In case the user signs in to the application (and is successfully authenticated), the user session is established and all the roles assigned to the specific user are loaded into the session repository. The Fusion Cloud application determines the set of privileges to application resources that are provided by the roles, and then grants the user the most permissive level of access.

Example:

In order to understand how the individual user and its associated roles and privileges, result in the license requirements for the different cloud services and its associated cloud subscriptions, the below real-live example has been created.

User and its Roles:

User “John Doe” is having the roles of “Manager” and “Employee”.

Roles and its Privileges

An individual user can have one or multiple roles.

The role “Employee” includes (among others) the privileges:

  • Access Time Work Area
  • Create Performance Document by Worker
  • Manage Expense Report

The role “Line Manager” includes (among others) the privileges:

  • Create Performance Document by Manager
  • Manage Team Reputation Tasks
  • Access Learning Common Components

Privileges and its Cloud Services

A privilege can belong to one or multiple cloud services. If you start “mapping” the different privileges to cloud services, the following conclusions can be drawn:

The privilege “Access Time Work Area” relates to

  • Time and Labor Cloud Service AND
  • Enterprise Resource Planning for Self Service Cloud Service

The privilege “Create Performance Document by Worker” relates to

  • Performance Management Cloud Service

The privilege “Manage Expense Reports” relates to

  • Enterprise Resource Planning for Self Service Cloud Service

The privilege “Create Performance Document by Manager” relates to

  • Performance Management Cloud Service

The privilege “Manage Team Reputation Tasks” relates to

  • Workforce Reputation Management Cloud Service

The privilege “Access Learning Common Components” relates to

  • Oracle Learning Cloud Service

Cloud Services vs Cloud Subscriptions

A functional cloud service can belong to one or multiple “Cloud Subscriptions” that can be purchased from Oracle. If you start “mapping” the different cloud services to cloud subscriptions, the following conclusions can be drawn:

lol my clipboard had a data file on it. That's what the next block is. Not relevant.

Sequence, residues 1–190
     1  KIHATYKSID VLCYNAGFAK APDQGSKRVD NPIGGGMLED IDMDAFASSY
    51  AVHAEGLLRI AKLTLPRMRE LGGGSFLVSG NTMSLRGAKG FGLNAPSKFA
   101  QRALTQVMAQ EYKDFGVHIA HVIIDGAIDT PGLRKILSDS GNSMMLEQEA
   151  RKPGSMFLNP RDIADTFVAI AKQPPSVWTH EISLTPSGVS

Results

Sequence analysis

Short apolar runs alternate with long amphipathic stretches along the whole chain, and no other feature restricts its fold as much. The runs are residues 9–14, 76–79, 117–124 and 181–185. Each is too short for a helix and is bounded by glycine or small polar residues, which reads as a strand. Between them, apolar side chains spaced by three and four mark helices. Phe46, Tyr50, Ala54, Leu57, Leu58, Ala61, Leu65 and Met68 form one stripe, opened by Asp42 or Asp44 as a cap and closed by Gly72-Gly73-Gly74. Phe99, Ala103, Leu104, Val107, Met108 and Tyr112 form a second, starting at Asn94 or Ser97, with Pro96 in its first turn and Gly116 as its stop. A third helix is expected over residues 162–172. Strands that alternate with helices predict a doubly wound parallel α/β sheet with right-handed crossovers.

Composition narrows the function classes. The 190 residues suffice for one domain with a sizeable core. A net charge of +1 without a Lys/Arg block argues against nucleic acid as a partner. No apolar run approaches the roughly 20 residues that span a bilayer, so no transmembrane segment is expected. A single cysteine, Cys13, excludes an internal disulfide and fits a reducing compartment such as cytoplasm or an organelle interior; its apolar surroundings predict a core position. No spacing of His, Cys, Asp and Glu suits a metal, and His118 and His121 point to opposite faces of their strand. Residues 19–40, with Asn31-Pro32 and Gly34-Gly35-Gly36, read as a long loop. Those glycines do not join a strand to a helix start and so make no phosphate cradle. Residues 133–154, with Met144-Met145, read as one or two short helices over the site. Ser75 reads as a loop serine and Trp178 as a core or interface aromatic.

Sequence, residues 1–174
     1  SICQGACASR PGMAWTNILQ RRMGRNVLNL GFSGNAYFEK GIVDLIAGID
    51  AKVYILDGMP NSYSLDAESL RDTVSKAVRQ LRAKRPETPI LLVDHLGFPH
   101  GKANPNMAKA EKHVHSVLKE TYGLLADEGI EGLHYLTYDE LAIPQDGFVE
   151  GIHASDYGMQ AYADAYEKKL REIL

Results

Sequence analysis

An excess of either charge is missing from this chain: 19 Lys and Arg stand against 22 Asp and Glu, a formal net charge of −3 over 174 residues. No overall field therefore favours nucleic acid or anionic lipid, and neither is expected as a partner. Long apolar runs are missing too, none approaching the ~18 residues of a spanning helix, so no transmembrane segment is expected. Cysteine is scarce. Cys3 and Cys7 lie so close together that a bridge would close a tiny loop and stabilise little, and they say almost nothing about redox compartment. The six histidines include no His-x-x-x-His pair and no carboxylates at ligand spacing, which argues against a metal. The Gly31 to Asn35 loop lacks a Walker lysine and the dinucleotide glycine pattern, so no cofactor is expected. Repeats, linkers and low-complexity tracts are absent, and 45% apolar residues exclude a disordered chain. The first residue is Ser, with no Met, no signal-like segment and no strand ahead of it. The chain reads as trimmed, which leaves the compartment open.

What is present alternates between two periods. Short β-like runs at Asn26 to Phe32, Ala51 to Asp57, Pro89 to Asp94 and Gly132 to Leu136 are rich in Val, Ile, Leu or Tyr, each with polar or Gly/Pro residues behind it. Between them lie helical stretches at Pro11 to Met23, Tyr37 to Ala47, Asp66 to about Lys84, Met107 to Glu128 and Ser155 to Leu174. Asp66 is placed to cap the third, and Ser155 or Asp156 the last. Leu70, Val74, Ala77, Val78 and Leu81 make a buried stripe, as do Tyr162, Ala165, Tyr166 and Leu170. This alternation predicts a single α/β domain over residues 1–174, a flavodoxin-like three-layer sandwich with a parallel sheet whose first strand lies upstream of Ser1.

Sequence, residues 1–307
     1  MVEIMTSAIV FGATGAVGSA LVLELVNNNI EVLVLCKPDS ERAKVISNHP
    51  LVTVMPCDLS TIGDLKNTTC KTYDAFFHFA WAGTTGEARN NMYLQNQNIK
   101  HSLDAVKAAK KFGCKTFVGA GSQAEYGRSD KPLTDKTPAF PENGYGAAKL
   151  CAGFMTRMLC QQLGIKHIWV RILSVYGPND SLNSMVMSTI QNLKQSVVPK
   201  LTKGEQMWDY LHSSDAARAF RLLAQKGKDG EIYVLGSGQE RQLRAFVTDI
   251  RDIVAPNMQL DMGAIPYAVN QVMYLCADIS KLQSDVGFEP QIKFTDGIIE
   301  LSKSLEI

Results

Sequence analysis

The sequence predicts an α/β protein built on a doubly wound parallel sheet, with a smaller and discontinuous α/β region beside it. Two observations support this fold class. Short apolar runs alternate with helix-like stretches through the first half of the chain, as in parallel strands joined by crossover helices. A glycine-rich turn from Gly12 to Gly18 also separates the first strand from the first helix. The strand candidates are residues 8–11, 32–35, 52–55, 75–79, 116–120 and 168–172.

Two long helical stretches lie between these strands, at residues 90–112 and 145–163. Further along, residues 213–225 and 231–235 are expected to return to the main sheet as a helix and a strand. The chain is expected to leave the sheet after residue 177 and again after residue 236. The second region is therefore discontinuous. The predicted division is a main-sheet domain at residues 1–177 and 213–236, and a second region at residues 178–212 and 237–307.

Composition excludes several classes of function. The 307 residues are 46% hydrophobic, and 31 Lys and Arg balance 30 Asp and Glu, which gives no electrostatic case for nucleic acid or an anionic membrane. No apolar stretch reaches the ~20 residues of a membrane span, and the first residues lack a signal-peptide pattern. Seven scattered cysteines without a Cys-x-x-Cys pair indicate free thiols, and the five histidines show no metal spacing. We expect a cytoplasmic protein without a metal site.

• The cloud service “Time and Labor Cloud Service” relates to the cloud subscription “Oracle Fusion Time and Labor Cloud Service”
  • The cloud service “Enterprise Resource Planning for Self Service Cloud Service” relates to the cloud subscription “Oracle Fusion Enterprise Resource Planning for Self Service Cloud Service”

The cloud service “Performance Management Cloud Service” relates to the cloud subscription “Oracle Fusion Talent Management and Workforce Compensation Cloud Service”, or

“Oracle Fusion Talent Management for Coexistence Cloud Service”

  • The cloud service “Workforce Reputation Management Cloud Service” relates to the cloud subscription “Oracle Human Capital Management Base Cloud Service”
  • The cloud service” Oracle Learning Cloud Service” relates to the cloud subscription “Oracle Fusion Learning Cloud Service”

Conclusion:

After doing all these “mappings” the individual user “John Doe” requires (among others) a Hosted Named User subscription for:

  • Oracle Fusion Time and Labor Cloud Service Oracle Fusion Enterprise Resource Planning for Self Service

Oracle Fusion Talent Management and Workforce Compensation Cloud Service, or

Oracle Fusion Talent Management for Coexistence Cloud Service

  • Oracle Human Capital Management Base Cloud Service
  • Oracle Fusion Learning Cloud Service

Standard (Seeded) Roles

In the standard “out of the box” provisioned Oracle Fusion Cloud Service, several standard job roles – so called Seeded Roles – are provided. These standard roles can be used instantly and enables you as an end-user to:

  • use the pre-defined roles immediately (faster “time to value”)
  • reduce the operational security management costs (using standardised roles)
  • scale-up quickly (since these roles exist in all Oracle Fusion solutions, the adoption of a new module is in theory simple)

However, there are several disadvantages as well. Apart from the fact that many end-users do not have any visibility on how the usage of the Fusion Cloud Service complies with their security requirements (since it is based on Oracle’s Cloud SoD Policies which are not publicly available), each quarter a new update of the Oracle Fusion Cloud software is made available.

The updates of the Oracle Fusion Cloud software can introduce new functionality and access into these pre-configured “seeded roles”. In other words, the individual users that are making use of “seeded roles” can un-notified provide individuals access to functionality or cloud services, you as an end-user organisation do not have an Oracle Cloud Subscription for, creating a compliance issue. This since each individual that is “authorised” to make use of the cloud service, regardless of whether the individual is actively using the cloud service, is required to have a subscription!

Although standard seeded roles are positioned to be used as “the way to go” (and although Oracle Support representatives sometimes may state that you don’t receive support if you are making use of custom roles) you are at all times recommended – both from a security and from a license compliance and cost control perspective –to make use of custom job roles. Custom roles will not be affected by newer versions of the cloud service.

Conclusion

Although many end-users thought that with the “cloud” all the compliance issues are gone, the reality is completely different. Having a clear and accurate up to date understanding of the obtained rights from your cloud subscriptions and reconciling these with your actual consumption of the different cloud subscriptions on a regular basis continues to be required to avoid and save costs.